- Cartographies of Place: Navigating the Urban ed. by Michael Darroch and Janine Marchessault
Cartographies of Place: Navigating the Urban is essential reading for any humanist interested in the study of urban space and culture. Edited by Michael Darroch and Janine Marchessault, the collection amalgamates research produced by the Culture of Cities Project (2000–05), the Urban Research Methodologies Symposium (2007), and the Urban Mediations Symposium (2009). The collection represents nearly a decade’s worth of scholarship that contemplates how arts-based research and an attention to mediation can help us better understand our cities and urban spaces. [End Page 346]
Organized into three thematic sections—“Legibility,” “Navigation,” and “Locale”—the strength of Cartographies of Place partially originates from the diversity of perspectives it integrates. The chapters in “Legibility” are epistemological and ontological in nature; they seek to produce a vocabulary that will facilitate the study of how we may understand the urban through art and culture. The chapters in “Navigation” are case studies that contemplate how new mapping and communication technologies are facilitating innovative urban cultures that are renegotiating the connection between identity and urban space. The chapters in “Locale” explore intersections between cities that are being enabled through media technology. They articulate how transnational urban cultures are opening up new forms of resistance against colonialism and globalization.
A couple of chapters merit special notice owing to their innovations. Ben Highmore’s “Metaphor City” argues that humanists can best contribute to urban studies by conceptualizing and analysing metaphoric systems that seek to represent the city. Saara Liinamaa’s chapter productively expands on the idea, showing how “artists are not merely representing the city, but actively researching the city within their production of art works.” The two chapters theorize the humanistic study of the urban and legitimize arts-based research as a necessary means for rendering the urban legible.
Rob Shields’s “The Virtuality of Urban Culture: Blanks, Dark Moments, and Blind Fields” develops an important intervention that distinguishes the city from the urban—as he suggests, there is a critical tendency within the humanities to conflate them, a trend that has significantly impaired the study of urban culture. To clarify, the city refers to the material manifestation and territory of a large human settlement, whereas the urban refers to its cultural, social, political, and economic processes. Shields convincingly argues that we should approach the urban as a virtual space and suggests that humanists are well equipped to analyse these complex urban processes. Stephan Kowal’s “The Cartographatron—between Media and Architecture: McLuhan, Giedion, Tyrwhitt, and Doxiadis” is also noteworthy owing to its focus on the Toronto school’s contribution to urban studies. What is a cartrographatron? Well, it was a technology developed between 1959 and 1963 that simultaneously projected a map and information, such as projecting the movement of automobiles or pedestrians onto a virtual map. He uses the technological innovation to distinguish between representing and presenting information and to theorize how new media technologies can facilitate an alternative understanding of the urban, particularly through the digital footprints left by mobile devices. He contends that these technological shifts have been mirrored by a movement away from representing the urban through linear lines and grids toward presenting the urban through patterns. [End Page 347]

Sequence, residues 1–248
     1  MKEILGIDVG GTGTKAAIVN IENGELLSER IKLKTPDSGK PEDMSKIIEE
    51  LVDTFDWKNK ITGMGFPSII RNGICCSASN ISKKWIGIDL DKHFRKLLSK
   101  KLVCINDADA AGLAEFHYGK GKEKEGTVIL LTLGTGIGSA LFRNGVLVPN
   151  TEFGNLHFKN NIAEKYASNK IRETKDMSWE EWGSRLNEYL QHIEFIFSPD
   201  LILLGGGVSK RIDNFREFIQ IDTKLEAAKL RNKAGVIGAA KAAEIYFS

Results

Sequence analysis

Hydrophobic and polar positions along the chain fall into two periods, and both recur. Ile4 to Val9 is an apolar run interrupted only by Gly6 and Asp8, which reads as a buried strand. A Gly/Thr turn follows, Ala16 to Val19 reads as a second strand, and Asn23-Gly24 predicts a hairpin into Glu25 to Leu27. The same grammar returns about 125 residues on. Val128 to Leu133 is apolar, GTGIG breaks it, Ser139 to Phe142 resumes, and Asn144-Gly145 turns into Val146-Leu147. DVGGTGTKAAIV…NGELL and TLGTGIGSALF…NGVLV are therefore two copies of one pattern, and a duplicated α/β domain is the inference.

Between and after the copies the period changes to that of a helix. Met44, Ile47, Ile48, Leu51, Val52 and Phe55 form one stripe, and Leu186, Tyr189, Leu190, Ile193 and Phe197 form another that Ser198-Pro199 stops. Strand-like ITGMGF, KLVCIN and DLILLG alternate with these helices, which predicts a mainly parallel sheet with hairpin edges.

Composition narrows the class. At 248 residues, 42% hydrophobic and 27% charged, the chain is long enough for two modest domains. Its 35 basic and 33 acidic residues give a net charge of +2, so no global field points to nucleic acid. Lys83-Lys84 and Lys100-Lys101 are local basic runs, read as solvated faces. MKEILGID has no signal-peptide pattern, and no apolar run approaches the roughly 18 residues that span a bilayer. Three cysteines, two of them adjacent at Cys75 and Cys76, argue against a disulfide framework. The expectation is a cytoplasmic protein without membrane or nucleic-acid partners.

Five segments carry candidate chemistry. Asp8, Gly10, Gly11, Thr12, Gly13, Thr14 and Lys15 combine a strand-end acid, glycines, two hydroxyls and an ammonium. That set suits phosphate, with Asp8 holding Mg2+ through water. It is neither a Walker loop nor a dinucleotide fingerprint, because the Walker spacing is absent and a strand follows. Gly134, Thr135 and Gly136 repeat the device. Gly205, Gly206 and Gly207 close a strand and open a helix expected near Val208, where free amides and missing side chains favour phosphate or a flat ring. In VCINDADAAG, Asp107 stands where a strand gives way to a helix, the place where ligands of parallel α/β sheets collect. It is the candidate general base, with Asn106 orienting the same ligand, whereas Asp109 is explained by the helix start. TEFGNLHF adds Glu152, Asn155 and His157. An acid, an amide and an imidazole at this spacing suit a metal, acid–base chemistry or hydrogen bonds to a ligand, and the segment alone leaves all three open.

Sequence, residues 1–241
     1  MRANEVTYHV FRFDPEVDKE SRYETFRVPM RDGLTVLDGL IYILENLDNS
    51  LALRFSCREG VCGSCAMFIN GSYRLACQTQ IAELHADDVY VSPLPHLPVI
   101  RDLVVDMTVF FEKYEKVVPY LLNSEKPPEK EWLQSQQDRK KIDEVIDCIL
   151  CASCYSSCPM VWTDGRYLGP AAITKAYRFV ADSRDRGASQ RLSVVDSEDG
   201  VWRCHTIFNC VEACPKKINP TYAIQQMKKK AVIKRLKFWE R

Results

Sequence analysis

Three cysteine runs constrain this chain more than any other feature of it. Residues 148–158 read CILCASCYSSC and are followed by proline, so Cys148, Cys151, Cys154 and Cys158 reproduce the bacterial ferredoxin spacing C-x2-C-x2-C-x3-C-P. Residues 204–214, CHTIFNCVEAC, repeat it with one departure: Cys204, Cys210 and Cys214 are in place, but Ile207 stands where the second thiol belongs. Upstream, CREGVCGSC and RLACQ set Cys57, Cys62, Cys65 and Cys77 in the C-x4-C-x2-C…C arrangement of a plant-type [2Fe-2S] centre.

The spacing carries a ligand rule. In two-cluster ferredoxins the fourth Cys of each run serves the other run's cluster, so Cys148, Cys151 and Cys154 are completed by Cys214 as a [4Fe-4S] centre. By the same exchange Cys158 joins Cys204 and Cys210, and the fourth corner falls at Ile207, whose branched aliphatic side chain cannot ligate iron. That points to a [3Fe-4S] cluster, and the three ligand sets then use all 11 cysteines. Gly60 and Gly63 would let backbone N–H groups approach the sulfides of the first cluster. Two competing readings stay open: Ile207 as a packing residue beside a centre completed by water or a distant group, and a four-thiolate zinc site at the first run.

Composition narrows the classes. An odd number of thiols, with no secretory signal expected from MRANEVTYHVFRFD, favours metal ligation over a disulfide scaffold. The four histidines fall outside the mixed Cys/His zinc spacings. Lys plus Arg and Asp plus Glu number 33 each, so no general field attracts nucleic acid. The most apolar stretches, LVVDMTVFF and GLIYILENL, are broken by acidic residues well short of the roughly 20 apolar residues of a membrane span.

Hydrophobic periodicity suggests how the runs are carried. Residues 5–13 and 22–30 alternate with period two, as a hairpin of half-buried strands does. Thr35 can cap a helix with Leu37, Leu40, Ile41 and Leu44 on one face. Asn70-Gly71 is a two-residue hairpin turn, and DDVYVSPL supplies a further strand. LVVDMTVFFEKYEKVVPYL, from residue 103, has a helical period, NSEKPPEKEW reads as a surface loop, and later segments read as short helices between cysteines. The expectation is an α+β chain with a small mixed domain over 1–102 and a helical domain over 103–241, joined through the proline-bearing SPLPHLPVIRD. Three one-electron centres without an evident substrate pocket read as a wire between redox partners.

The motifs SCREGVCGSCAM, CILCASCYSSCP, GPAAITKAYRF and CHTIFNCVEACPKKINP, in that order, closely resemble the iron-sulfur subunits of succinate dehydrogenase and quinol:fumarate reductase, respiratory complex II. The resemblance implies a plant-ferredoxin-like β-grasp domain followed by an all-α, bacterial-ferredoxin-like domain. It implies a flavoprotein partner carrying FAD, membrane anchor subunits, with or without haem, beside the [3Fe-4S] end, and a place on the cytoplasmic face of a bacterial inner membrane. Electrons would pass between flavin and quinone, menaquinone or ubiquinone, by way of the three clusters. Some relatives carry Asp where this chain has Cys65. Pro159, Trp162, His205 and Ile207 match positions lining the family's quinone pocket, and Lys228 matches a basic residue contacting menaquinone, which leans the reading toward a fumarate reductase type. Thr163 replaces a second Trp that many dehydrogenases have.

Cartographies of Place offers several meaningful contributions that build on the works of Marshall McLuhan, Henri Lefebvre, Sigfried Giedion, Walter Benjamin, Michel de Certeau, Georg Simmel, and others. It provides models that articulate how the arts and humanities can contribute to the interdisciplinary domain of urban studies.